At the end of August/early September, I kept seeing this one name in my FB newsfeed over and over. I noticed that this person and I had almost 20 friends in common and everyone was praising her spirit and fitness motivation. Turns out this was right before she was about to start offering weekly fitness classes. Bonus – the classes are literally a block a way from my house. Talk about a sign! So I dropped into the first class to see how I’d like it and I was immediately filled with a sense of contentment. Everyone was laughing and smiling and friendly and Elissa was so effervescenty and warm. So I bought a card for 15 sessions and have been going to the indoor AND out door classes. I have gotten to know Elissa even more in the last two months and am possibly ready to be the President of her fanclub. Even though we grew up not even 5 minutes from each other, I never met her until this fall and I am so happy that I did.

Sometimes you get lucky and people come into your life at just the right time and that’s what happened to me when I met Elissa and joined her fitness classes. She inspires me, helps motivate me and is just an amazing new friend in my life. She’ll even brave the chilly cold October weather to train us outdoors because we want to do it! I am enjoying her classes and her friendship so much. This is someone who had four children and and a husband (who helps out with each class, too! He’s an unsung hero in my books) and she makes time to help others and is always smiling. ALWAYS. And so positive! What an inspiration.

So with Elissa in my corner and my newly found love of staying active I am feeling better both mentally and physically and I am stronger than I have been in both ways, too. Life is still throwing curve balls and things are difficult but I’m not letting it get me down and I am focusing on my health. I have muscle definition (amazing!) and I can lift weights that I couldn’t even hold a month ago.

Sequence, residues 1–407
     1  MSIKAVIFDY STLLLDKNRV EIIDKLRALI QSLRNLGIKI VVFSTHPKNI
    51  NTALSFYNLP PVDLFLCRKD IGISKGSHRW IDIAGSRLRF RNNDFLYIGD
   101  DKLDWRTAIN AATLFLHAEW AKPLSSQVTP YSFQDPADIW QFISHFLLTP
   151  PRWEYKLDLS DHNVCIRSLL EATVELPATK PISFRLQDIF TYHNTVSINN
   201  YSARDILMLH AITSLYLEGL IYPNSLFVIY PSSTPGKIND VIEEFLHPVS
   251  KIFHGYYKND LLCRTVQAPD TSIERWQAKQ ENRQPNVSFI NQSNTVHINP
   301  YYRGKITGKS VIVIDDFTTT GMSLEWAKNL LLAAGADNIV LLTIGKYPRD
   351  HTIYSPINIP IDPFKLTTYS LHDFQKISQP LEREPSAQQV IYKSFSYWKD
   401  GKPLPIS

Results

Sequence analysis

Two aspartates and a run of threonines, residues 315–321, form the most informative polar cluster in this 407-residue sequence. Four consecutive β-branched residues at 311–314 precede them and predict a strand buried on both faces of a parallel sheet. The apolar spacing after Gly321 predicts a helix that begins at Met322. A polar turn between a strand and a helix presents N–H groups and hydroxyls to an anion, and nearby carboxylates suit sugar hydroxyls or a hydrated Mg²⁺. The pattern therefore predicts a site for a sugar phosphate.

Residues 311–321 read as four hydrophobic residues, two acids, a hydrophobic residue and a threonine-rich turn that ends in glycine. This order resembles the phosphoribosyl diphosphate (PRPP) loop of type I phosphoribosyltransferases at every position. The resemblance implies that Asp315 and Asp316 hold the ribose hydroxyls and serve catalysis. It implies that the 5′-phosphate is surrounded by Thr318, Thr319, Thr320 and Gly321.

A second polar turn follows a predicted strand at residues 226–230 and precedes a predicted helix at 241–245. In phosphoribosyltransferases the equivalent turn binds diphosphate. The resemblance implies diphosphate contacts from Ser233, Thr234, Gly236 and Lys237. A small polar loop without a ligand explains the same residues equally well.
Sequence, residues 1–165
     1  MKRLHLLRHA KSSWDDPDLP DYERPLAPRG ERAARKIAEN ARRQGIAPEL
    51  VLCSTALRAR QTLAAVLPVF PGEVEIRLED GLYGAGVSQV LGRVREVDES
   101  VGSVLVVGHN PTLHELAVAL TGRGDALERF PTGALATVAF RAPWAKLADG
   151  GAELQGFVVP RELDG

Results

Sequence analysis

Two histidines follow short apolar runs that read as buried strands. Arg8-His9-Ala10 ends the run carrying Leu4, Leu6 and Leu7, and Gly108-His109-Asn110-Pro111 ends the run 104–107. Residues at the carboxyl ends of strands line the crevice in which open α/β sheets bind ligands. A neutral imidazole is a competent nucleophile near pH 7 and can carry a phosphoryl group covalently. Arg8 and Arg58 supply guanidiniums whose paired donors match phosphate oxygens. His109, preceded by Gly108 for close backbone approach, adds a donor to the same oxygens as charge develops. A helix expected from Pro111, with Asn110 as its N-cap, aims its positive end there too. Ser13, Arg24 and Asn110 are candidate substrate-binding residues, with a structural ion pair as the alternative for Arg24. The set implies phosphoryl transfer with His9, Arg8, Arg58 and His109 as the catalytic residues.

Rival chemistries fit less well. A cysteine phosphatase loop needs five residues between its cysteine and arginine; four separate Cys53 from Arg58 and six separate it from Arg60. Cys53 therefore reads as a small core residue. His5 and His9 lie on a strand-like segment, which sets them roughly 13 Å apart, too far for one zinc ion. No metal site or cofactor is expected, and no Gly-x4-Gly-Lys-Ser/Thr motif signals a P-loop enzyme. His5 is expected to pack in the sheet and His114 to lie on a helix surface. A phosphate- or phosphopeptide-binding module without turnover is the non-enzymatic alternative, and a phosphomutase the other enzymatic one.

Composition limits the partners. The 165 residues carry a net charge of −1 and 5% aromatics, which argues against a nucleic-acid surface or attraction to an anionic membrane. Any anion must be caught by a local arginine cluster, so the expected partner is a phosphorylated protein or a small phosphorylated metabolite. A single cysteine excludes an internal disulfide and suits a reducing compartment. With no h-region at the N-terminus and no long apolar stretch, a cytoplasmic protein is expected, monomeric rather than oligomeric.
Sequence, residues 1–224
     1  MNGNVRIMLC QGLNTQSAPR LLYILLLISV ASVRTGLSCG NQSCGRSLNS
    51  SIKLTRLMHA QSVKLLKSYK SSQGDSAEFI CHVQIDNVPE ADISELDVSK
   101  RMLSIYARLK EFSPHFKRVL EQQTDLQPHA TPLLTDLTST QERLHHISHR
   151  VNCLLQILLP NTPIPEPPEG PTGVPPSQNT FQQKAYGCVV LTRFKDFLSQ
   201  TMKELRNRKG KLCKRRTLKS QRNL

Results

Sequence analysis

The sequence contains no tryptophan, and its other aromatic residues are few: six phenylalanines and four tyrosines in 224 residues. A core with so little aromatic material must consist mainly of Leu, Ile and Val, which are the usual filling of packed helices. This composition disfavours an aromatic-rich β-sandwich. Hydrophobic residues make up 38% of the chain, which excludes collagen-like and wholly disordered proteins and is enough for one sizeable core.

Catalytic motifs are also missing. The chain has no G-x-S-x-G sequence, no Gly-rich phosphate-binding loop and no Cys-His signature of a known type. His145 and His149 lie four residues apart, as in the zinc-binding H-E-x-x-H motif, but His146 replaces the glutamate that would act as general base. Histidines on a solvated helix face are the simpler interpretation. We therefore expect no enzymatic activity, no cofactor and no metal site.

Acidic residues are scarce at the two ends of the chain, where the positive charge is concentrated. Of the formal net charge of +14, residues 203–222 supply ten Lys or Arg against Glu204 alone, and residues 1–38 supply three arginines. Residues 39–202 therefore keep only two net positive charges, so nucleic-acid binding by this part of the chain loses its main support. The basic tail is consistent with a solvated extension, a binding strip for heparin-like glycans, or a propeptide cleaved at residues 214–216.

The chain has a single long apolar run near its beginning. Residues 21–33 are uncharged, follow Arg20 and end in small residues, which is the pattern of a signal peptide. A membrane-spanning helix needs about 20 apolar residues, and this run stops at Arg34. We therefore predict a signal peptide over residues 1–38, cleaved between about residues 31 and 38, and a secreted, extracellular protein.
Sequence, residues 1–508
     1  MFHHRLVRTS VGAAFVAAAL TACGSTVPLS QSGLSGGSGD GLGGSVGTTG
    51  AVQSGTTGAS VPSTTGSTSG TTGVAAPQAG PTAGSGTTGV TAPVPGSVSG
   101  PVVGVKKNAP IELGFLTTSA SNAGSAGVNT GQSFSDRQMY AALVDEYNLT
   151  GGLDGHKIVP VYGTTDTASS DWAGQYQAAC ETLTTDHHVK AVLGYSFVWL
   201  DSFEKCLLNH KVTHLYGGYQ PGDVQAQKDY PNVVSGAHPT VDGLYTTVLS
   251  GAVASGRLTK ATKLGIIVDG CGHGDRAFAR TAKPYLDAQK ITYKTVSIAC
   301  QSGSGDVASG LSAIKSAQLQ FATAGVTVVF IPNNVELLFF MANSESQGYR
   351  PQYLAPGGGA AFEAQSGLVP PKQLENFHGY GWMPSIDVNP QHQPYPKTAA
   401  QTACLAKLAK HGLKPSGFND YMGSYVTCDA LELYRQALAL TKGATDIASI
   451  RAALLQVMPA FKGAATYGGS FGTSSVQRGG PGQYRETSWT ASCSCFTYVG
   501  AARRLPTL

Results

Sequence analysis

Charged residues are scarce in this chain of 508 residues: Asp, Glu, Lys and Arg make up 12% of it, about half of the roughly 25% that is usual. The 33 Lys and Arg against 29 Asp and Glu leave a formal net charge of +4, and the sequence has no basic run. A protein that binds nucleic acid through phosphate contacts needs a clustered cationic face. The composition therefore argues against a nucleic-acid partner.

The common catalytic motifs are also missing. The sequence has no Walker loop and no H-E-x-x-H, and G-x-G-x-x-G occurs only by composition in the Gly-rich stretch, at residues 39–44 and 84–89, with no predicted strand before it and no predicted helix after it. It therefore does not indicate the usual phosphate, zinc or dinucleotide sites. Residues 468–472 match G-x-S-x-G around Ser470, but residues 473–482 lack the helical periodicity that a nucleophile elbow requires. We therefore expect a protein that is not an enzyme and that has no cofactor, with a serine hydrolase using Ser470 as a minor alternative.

I’m not reading much at all and I rarely hide my head inside the laptop any more, but right now I need to be active and not passive. So, I’m being active and I have found a group of wonderful people who are helping me stay inspired and motivated and…well… I’m even officially signed up to suffer – er participate – in the Spartan Run in May 2014 with a group from the fitness class. Elissa did it last year and survived – so I guess I can too? 😉

So, I have had a Year of Going Place and a Year of Doing Things. This year is officially my Year of Being Active. I will beat this fibro business and I will be pain-free and stronger eventually. That is my goal. This is SPARTA! Or, a reasonable facsimile thereof.

fit for my own reasons

A little pet peeve of mine is when people assume I am running and exercising because I want to lose weight. They also follow up these assumptions with questions about “What sort of diet are you on?”. THAT question in particular truly makes me angry. I know I’m not skinny and I know I am overweight, but why does that make it ok for someone to assume that I am doing something just to lose weight? That this is my ultimate goal?

This isn’t something that happens a lot, but it does happen more frequently than I’d like it to. I hate when people make assumptions about others when they know nothing about them or their history.